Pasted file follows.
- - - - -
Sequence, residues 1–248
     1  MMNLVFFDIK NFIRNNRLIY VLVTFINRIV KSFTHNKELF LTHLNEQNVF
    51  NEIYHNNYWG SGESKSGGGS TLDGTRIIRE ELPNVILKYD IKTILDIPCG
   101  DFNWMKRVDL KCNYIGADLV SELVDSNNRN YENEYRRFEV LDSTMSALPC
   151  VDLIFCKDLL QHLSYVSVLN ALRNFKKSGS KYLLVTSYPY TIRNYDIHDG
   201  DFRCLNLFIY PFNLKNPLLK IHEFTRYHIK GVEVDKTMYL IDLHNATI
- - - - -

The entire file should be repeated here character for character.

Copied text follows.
Sequence, residues 1–248
     1  MMNLVFFDIK NFIRNNRLIY VLVTFINRIV KSFTHNKELF LTHLNEQNVF
    51  NEIYHNNYWG SGESKSGGGS TLDGTRIIRE ELPNVILKYD IKTILDIPCG
   101  DFNWMKRVDL KCNYIGADLV SELVDSNNRN YENEYRRFEV LDSTMSALPC
   151  VDLIFCKDLL QHLSYVSVLN ALRNFKKSGS KYLLVTSYPY TIRNYDIHDG
   201  DFRCLNLFIY PFNLKNPLLK IHEFTRYHIK GVEVDKTMYL IDLHNATI